Whidbey Island’s resident “soccer guy” is officially the recipient of a statewide award.
Coupeville resident Mark Helpenstell was named 2022’s male soccer player of the year by the Washington State Adult Soccer Association earlier this year.
With more than three decades of volunteering in the Whidbey soccer scene in various capacities under his belt, Helpenstell said the best part of the game is the connection it facilitates with other people.
Though Helpenstell is now known as “Mr. Soccer” on Whidbey Island, he didn’t grow up playing the sport. Helpenstell ran cross country, swam and played basketball while growing up in Idaho but wouldn’t play soccer until he went to college in Minnesota.
He had always been intrigued by the game, he said, and learned the basics his freshman year. According to him, his collegiate athletic career was less than stellar.
“There were about five of us on that team that were training dummies, you know, for the guys that knew what they were doing,” he said.
It would be a while before soccer would become a part of his life again. Upon earning his degree in geology, he returned home to Idaho to farm. After a brief stint in Utah, he landed a job at Boeing and moved to Clinton with his then-wife and stepdaughter in 1985. Around two years later, he joined the Snohomish County Adult Soccer Association.
A group of players from the island formed a team in the league. Around the same time, Helpenstell began coaching.
He coached at South Whidbey High School from the beginning of the school’s soccer program and stayed there for around 15 years. During that time, he said he would accept anyone who wanted to play, and the program eventually had enough players for a varsity team, a junior varsity team and even a C squad.
He coached recreational club soccer, too, and had the opportunity to coach his own children and stepchildren. Helpenstell estimated he must have coached a couple hundred kids during his coaching years.
Tisa Seely, Helpenstell’s wife of 16 years, explained that soccer became a method for Helpenstell to connect with kids who needed help. Sports provided a structure that a lot of kids weren’t getting elsewhere. Helpenstell said he hopes that through his coaching, he taught his players skills they could use both in soccer and in life.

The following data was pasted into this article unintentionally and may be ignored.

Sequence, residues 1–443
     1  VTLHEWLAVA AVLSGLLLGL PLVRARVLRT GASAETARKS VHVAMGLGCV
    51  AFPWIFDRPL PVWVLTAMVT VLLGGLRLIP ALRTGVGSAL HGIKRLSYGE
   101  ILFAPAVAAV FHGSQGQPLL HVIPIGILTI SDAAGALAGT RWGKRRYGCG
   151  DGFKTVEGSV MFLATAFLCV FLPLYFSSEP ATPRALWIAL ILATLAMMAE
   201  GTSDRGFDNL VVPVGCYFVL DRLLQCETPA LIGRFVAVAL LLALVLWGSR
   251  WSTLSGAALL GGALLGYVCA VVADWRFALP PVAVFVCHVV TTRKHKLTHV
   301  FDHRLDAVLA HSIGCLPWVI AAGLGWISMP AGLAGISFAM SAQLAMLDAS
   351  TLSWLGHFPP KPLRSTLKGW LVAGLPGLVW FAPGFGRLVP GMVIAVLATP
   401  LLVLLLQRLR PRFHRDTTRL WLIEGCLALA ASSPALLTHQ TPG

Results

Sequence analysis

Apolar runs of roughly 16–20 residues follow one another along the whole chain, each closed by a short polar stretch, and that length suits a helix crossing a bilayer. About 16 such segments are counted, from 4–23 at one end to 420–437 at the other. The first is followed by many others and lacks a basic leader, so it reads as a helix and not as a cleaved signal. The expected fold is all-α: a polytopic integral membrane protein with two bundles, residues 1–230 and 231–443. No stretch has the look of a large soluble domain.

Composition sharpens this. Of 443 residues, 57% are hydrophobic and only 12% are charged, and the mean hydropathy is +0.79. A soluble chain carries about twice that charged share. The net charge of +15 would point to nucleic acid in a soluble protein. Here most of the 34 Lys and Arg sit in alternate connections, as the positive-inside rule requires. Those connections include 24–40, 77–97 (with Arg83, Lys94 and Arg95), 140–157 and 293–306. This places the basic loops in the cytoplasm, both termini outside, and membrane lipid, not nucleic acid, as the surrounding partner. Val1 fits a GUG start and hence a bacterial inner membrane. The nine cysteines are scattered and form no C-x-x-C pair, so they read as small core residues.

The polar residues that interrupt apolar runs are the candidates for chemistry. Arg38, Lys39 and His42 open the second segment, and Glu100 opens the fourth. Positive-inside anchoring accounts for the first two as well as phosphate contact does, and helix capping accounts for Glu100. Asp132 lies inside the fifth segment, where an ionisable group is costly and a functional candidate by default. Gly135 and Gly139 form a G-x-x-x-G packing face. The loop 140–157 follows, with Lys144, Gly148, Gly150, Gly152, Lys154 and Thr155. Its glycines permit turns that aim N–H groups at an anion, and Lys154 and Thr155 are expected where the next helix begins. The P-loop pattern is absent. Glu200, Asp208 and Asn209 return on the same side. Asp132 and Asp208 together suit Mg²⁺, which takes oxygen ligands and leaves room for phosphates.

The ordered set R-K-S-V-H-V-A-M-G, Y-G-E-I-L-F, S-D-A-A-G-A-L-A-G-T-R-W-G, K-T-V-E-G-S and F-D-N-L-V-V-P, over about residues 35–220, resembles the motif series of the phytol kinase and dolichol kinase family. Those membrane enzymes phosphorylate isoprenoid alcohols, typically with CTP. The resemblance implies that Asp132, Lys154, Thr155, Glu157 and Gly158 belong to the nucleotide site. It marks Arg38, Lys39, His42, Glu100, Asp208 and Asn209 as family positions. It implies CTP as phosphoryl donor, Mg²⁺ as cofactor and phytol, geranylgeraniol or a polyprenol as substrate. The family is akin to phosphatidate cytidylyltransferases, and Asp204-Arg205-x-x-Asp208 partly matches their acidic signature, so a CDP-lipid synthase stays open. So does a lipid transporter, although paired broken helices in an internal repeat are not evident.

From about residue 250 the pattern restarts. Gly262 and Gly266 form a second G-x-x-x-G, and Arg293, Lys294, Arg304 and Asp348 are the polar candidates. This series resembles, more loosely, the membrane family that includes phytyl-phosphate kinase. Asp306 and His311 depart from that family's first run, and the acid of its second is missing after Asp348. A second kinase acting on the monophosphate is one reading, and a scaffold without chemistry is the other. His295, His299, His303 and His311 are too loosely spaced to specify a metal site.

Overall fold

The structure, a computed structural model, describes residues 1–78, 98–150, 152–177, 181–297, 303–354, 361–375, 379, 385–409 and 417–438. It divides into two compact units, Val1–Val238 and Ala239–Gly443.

“I love the game, but the game really is the vehicle for connecting with people,” he said.
Helpenstell has also served in an administrative capacity on various boards, including eight years on the South Whidbey Parks and Recreation board. He and other volunteers built the soccer field above Castle Park, and with that same group of volunteers, Helpenstell initiated the weekly pickup game that is still ongoing on the South End after 30 years. The pickup game takes place most Saturdays at 2 p.m. at the sports complex on Langley Road.
At some point during his coaching years, Helpenstell got his referee license, and he now regularly referees high school and club games on the island. Though he is no longer a coach, refereeing is still rife with teaching moments, he said, particularly with parents who get feisty on the sidelines.
When a parent or other onlooker starts to complain, Helpenstell said he has no qualms about stopping the game to chat with them about what they saw or explain what happened. If this tactic doesn’t calm them down, Helpenstell has a special stack of yellow and red cards just for parents that contain information about how they can acquire a referee license of their own.
Helpenstell, a man of varied interests, keeps up a number of pastimes unrelated to soccer, too. His Coupeville home, where he and Seely moved a few years ago after retiring, doubles as something of an animal sanctuary; he and Seely have rescued dogs, cats, donkeys and even a mule, and leave feed out for birds and squirrels. Helpenstell runs a dog training business that he referred to as his “retirement hobby.”
He is also a musician; he plays in a local ukulele group and is a member of the beloved Whidbey sea shanty group, the Shifty Sailors.
But of course, he still makes time to play regularly in the Snohomish County Adult Soccer Association. He’s been known to be out on the field as few as 10 days after surgery, much to his doctors’ dismay, he joked.
Connecting with people continues to be the best part of playing soccer for Helpenstell. At age 65, he still plays on the “over 40” team, because some of the players he coached back in the day have now surpassed that age threshold and are on the team with him.
His former players will also turn up periodically at the weekly pickup game. To this day, many of them still call him “Coach” when they see him.
“For me at this point, the most fun of it is seeing the kids that are coming home,” he said. “Every now and then, I get a kid that shows up that I haven’t seen since they graduated twenty-something years ago, and that’s pretty special.”
In January, Helpenstell was awarded player of the year in Washington state. He is humble about this accolade, suggesting that there perhaps weren’t many other nominees, but Seely maintains that he’s earned it through his decades of service.